Clash of the Titans: thermodynamics vs. NP-hardness

Modern physics contains at its core the assumption that there are simple, knowable rules that govern the behavior of the world around us. There are many of these, some believed to be more fundamental than others. Many physicists believe that the laws of thermodynamics, and in particular the second law of thermodynamics, are more likely to remain true as we discover more and more about our universe than any other set of laws. Quantum mechanics or general relativity could be shown to be facets of some grander underlying theory, but thermodynamics will likely remain as a framework inside which all other physical theories must fit.

The second law of thermodynamics has many formulations. One way to think about the law is that when you put two different physical systems in contact, they will attempt to thermally equilibrate with each other — heat flows from the hotter system to the colder one, until the whole system reaches some equilibrium temperature in the middle. This simple common sense observation has very deep roots. If it were to fail, much of our understanding of how the universe works would be shown to be false. As just one example, perpetual motion machines would become feasible.

The Ising model

There are an enormous number of physical systems we might want to model, from individual electrons to collisions of galaxies. The most useful models of nature are those that can be used to represent a large number of completely different systems. Understanding how such models work then leads to understanding all of the physical systems the model can be used to represent.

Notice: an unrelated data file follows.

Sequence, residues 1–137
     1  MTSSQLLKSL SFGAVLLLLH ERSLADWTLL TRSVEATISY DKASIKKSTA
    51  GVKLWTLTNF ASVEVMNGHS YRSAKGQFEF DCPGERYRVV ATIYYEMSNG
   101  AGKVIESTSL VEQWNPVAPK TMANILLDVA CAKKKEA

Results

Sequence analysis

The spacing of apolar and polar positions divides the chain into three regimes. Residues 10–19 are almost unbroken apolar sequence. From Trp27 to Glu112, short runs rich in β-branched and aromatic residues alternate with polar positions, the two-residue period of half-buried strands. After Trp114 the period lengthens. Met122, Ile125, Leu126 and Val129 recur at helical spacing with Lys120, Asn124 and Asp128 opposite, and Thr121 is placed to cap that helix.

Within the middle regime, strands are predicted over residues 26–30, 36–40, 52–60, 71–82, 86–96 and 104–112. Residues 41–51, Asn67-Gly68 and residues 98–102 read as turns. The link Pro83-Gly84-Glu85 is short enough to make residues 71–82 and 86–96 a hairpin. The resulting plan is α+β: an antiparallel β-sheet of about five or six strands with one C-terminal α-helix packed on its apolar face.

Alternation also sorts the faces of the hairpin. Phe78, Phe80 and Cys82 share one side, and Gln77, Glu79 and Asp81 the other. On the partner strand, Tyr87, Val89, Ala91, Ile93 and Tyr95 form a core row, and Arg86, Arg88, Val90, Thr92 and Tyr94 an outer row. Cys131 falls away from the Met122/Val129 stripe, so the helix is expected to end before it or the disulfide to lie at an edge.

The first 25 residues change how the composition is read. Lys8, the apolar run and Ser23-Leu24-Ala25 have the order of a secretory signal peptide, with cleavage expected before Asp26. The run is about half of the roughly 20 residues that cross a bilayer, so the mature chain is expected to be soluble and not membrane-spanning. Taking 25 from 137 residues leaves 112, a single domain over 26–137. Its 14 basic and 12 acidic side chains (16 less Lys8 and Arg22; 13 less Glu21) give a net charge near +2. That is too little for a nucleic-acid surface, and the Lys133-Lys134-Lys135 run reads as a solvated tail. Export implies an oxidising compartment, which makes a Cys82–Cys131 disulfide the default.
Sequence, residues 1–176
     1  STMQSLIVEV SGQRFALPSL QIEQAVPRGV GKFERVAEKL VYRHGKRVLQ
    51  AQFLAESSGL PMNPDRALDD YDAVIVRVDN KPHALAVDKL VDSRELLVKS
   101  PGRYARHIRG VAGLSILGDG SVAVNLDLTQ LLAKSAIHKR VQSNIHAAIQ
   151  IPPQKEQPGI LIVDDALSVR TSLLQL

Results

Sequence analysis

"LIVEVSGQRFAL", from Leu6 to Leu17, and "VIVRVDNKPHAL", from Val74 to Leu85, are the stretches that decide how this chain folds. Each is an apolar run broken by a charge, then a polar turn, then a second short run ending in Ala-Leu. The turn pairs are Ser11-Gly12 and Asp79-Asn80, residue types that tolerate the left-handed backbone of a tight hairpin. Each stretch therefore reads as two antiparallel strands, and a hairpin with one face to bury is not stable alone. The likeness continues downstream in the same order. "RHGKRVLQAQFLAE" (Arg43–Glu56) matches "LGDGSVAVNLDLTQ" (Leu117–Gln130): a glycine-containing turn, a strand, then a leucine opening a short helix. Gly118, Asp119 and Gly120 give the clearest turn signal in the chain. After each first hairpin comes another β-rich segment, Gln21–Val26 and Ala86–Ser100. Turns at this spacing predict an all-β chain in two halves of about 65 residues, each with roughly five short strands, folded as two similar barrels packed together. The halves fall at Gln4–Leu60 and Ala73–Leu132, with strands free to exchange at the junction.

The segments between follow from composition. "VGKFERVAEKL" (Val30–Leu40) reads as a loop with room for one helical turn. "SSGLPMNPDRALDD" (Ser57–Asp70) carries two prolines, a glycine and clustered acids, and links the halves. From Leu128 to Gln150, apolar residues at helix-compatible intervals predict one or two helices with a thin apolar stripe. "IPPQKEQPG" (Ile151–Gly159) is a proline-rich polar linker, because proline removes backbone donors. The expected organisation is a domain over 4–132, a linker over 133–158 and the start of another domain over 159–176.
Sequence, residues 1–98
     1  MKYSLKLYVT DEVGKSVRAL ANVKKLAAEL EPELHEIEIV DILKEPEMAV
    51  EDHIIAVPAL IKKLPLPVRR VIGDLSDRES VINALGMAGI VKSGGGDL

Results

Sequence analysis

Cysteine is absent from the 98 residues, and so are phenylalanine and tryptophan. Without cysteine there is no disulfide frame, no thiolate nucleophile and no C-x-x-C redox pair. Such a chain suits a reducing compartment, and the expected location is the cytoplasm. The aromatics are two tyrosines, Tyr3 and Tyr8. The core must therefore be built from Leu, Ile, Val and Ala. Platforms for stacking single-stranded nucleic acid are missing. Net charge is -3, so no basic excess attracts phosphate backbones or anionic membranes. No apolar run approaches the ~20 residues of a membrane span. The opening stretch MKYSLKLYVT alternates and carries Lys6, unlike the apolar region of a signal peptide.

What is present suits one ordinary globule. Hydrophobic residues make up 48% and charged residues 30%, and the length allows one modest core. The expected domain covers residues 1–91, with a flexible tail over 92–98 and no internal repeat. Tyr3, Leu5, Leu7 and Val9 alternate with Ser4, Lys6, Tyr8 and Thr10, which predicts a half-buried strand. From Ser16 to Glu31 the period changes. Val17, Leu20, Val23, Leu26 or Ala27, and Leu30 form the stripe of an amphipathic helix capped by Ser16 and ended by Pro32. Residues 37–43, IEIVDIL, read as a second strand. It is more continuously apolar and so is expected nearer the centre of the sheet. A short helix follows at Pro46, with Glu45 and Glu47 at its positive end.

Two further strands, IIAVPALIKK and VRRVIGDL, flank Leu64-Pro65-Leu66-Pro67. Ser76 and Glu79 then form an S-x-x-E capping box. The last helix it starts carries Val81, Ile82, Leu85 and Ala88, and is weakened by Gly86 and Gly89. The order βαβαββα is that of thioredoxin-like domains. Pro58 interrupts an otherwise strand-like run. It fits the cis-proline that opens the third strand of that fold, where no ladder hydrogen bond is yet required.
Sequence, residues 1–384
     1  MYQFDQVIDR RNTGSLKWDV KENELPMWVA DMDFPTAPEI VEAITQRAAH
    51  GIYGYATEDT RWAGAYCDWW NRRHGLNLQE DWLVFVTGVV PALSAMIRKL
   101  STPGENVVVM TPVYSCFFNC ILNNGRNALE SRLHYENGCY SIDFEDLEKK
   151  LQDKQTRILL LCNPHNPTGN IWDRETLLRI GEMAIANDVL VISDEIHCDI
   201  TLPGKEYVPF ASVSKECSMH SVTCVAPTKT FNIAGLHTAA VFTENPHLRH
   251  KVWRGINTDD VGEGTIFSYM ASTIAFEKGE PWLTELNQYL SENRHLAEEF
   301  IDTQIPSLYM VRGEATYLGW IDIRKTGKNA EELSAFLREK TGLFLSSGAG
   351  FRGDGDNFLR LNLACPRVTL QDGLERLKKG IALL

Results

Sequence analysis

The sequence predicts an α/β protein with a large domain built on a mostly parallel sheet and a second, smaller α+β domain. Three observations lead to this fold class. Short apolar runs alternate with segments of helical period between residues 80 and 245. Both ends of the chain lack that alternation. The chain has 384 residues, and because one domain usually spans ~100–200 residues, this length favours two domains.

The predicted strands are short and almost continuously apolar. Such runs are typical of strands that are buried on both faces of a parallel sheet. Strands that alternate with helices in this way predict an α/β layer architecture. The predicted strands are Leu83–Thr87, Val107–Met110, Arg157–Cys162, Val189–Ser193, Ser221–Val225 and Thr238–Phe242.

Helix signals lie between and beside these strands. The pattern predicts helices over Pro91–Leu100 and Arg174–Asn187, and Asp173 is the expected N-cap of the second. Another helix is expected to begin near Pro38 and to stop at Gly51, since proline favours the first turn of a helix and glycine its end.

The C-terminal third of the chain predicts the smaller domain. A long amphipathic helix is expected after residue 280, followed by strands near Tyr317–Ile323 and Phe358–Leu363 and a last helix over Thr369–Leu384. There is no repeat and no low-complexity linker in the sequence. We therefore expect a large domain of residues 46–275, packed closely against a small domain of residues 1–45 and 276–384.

One of the most widely used models in physics is called the Ising model. It was initially proposed in the mid 1920s by Ernst Ising and Wilhelm Lenz as a way to understand how magnetic materials work. The approach modeled a magnetic material as a collection of molecules, each of which has a spin which can align or anti-align with an applied magnetic field, and which interact through a pairwise term with each other. Let s_i\in \{-1,+1\} represent the spin of the ith molecule, V represent the set of all molecules, and |V| represent the number of molecules. The energy of a collection of spins \bf{s}=[s_1,\cdots, s_{|V|}] is

E(\bf{s}) = \sum_{(i,j) \in \, \text{neigh}} J_{i,j} s_i s_j + \sum_{i\in V} h_i s_i (1)

where h_i is the strength of the applied field at molecule i and J_{i,j} acts as interaction field between neighbouring spins i and j. At low temperatures where the system is strongly biased towards low energy states, a positive J_{i,j} favors anti-aligned neighbouring spins (s_i s_j = -1) since the product J_{i,j} s_i s_j will be negative. If J_{i,j} is negative the opposite occurs, s_i and s_j tend to align (s_i s_j = 1) so that J_{i,j} s_i s_j is again negative. Though Ising did not realize it at the time this simple model provides excellent experimental agreement with the properties of many magnetic materials.

Over time it was realized that Eq. (1) could be used to model an enormous number of physical systems. Any system that describes a set of individual elements (modeled by the spins s_j) interacting via pairwise interactions (the quadratic terms s_i s_j) can be described in this framework. In the period 1969 to 1997, more than 12,000 papers were published using the Ising model to describe systems in fields ranging from artificial intelligence to zoology.

Thermodynamics of the Ising model

Even in 1920, it was well-known that if a system described by Eq. (1) was in thermal equilibrium at temperature T (using units where \hbar = k_B=1), the probability of observing any particular configuration \bf{s} follows a Boltzmann distribution, i.e., the probability of \bf{s} is proportional to \exp\bigl(-E(\bf{s})/T\bigr) where T is the temperature of the system. At high temperatures almost all configurations have the same probability as T \gg E(\bf{s}) for all \bf{s}. However, at low temperatures the \bf{s} having the lowest energy becomes the most likely state. At exactly T=0 only the state \bf{s} having the lowest energy will be observed.